An early start saw 10 of the Cairngorm Club heading down south to the Ben Lawers range. We disembarked and got underway, every one opting to head west from the Car park, with the option of doing the Tramchan ridge being rejected. We all headed off together past the niche of art items and diplay boards.
It became apparent on the first climb of the day that half the group were the ‘quick’ ones, the other half were slower so we decided to part ways: Quick would press on to bag multiple peaks, while the other half would limit their time up high and take a more sedate path to meeting us down at the hotel.
Wandering the cairngorms, one forgets how busy mountains closer to large population areas can get, for the first and subsequent top pictures it was often difficult to get a snap without many folk in view.
We didn’t stop long at the first munro of the day, now that we’d cast ourselves as the “quick” half we thought we better live up to it, nonetheless one of our party on route to Meall Corranaich (which can be included within a round of 7 munros here, but not part of the wider itinerary today) did indeed join us briefly.
The top of Lawers was busy with folk scattered around lunching, the forecast -7 with windchill didn’t seem anywhere near likely albeit chilly in spells when the sun disappeared behind thicker clouds
Following the path without due attention looking at the more distant ascent to come, it suddenly drops off the crag of Creag an Fhithich, where as the path proper jinks to the north side. I wonder if anybody in low visibility has ever fallen, or missed the turn and ended up scrambling down.
We’d spied quite a few bees buzzing around high up, and pondered what they were seeking: a patch of purple saxifrage was noted.
We made the top of An Stuc, and had a bite to eat in the shelter of some rocks. I’d read up on An Stuc and had seen differing reports of the east side: generally a scramble, steep and exacerbated by loose ground. A look on strava heatmap showed a ribbon of activity to the left (north) heading down into the corrie. From the top that looked pretty steep too, with a large cornice visible.
We went over to look, the path falls away quickly zig-zagging above a large drop. Yikes. I packed my poles away, hands were going to be needed here: first swapping to some bum sliding, then turning inwards and grabbing tussocks and rocks, as it became a definite “climb”. Gravel skittered down below, and at least once a larger rock had to be ungripped as I felt it move. I’d not fancy this in the wet.. Another party were ascending, and this aligned me without much choice into a rocky chute which once exited, I felt enough stability having overcome the difficult section to take a snap. No idea if this was the correct route down, there looked to be a few options, but best to crack on quickly as it was busy and didn’t fancy any loosed debris bouncing off my head.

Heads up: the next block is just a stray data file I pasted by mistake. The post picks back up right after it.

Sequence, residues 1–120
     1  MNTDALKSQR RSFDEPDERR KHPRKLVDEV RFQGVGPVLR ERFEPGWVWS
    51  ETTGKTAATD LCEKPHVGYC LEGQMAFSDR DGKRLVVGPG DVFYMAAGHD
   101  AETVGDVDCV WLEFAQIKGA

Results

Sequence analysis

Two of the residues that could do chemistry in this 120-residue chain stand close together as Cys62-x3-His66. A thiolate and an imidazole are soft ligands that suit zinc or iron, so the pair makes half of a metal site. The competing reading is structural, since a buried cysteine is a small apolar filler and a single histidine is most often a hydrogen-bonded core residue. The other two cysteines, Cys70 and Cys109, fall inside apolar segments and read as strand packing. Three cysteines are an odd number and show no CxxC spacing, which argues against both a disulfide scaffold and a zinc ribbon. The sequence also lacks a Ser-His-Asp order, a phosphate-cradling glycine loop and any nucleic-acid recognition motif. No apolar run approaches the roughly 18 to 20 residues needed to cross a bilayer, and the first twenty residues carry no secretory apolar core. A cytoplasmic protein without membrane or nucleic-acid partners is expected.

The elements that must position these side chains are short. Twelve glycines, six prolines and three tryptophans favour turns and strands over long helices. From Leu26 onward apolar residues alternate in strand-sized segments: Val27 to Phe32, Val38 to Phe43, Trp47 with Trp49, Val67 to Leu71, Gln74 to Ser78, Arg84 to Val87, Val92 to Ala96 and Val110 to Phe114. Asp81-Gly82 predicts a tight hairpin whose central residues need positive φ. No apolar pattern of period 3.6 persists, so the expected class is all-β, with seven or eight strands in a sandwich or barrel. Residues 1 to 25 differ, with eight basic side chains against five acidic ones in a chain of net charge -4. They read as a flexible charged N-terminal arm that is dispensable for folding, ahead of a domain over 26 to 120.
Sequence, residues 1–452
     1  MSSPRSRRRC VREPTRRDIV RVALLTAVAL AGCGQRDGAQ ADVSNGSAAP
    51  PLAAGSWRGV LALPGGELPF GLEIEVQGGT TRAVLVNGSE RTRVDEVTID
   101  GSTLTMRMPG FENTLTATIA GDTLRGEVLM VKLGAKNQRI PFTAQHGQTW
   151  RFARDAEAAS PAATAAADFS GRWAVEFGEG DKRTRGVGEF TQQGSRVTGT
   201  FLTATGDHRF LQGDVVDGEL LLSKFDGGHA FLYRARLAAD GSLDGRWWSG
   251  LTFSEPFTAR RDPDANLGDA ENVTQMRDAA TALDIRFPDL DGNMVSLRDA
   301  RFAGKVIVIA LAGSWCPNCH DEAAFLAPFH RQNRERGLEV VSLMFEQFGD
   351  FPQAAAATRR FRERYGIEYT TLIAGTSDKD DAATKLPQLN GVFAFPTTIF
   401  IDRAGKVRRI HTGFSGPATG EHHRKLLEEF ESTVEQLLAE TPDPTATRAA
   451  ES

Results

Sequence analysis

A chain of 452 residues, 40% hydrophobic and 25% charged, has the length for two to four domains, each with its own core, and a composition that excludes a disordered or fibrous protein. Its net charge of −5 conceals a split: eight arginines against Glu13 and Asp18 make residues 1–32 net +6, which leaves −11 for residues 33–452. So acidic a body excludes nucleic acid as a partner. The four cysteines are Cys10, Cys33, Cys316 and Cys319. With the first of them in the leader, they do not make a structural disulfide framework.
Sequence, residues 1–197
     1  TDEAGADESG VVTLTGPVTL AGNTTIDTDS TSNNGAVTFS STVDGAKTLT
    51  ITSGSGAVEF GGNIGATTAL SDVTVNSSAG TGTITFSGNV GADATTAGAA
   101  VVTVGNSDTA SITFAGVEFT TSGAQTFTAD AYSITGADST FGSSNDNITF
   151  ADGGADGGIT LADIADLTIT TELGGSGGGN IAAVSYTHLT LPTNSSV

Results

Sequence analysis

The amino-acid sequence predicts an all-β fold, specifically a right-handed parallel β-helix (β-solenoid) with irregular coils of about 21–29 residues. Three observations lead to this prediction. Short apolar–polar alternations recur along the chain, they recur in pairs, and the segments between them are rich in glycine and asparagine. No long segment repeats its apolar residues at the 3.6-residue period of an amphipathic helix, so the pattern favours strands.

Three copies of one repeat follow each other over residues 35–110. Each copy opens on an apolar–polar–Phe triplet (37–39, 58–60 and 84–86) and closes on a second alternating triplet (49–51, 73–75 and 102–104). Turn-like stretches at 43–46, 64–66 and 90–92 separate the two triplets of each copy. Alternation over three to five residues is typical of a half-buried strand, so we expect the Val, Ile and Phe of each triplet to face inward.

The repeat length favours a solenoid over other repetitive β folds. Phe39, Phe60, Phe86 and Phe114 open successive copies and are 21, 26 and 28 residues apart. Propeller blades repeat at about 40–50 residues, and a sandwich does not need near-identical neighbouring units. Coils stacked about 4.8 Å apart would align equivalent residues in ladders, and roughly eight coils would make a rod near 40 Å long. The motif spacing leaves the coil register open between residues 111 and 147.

Once down at the saddle of 991 I had a look at the ‘bypass’ through the corrie. Might be a goer once the snow melts, but replacing climbing with steep grassy bits.
With the difficult part of the day past, we decided we’d do the remaining 2 munros. First Meall Garbh close to hand had 130m to rescend.
Coming down from Meall Garbh it’s all rolling grassy (and sometimes boggy) terrain following a fence
As we round the corner heading to the last hill and climb gently again, the day’s work of the Lawers ridge comes into view with only Beinn Ghlas out of sight behind Lawers
It’s a long grassy descent to the loch, quite steep in places and I imagine a few folk get a muddy arse on wet days
As we make it down to the Lawers burn we spotted some others from the group who had taken a low route. The final section down heads through some woods which were in spring bloom. We could feel the heat in this sheltered glade and were ready for a cold beer.
A fairly demanding hike: only 19km but 7 hours+, down to the 1400m of ascent. Quite a busy route and lucky with conditions today to really enjoy the views.
We hacked along the tarmac to the Lawers hotel where our minibus awaited. It’s an odd place: we’d been assured it was open at 5pm, and you’d think at 5.30, on a good weather day they’d be up for making some money (particularly post-pandemic). Then we’re informed “We’re closed”.. Just as we were away to head off in the minibus, some others appeared from within who’d been served.. We tried again almost had to plead to get served and were eyed suspiciously, beers arrived reluctantly in plastic glasses: visits to the toilet carefully controlled. Perhaps it’s for “locals only”.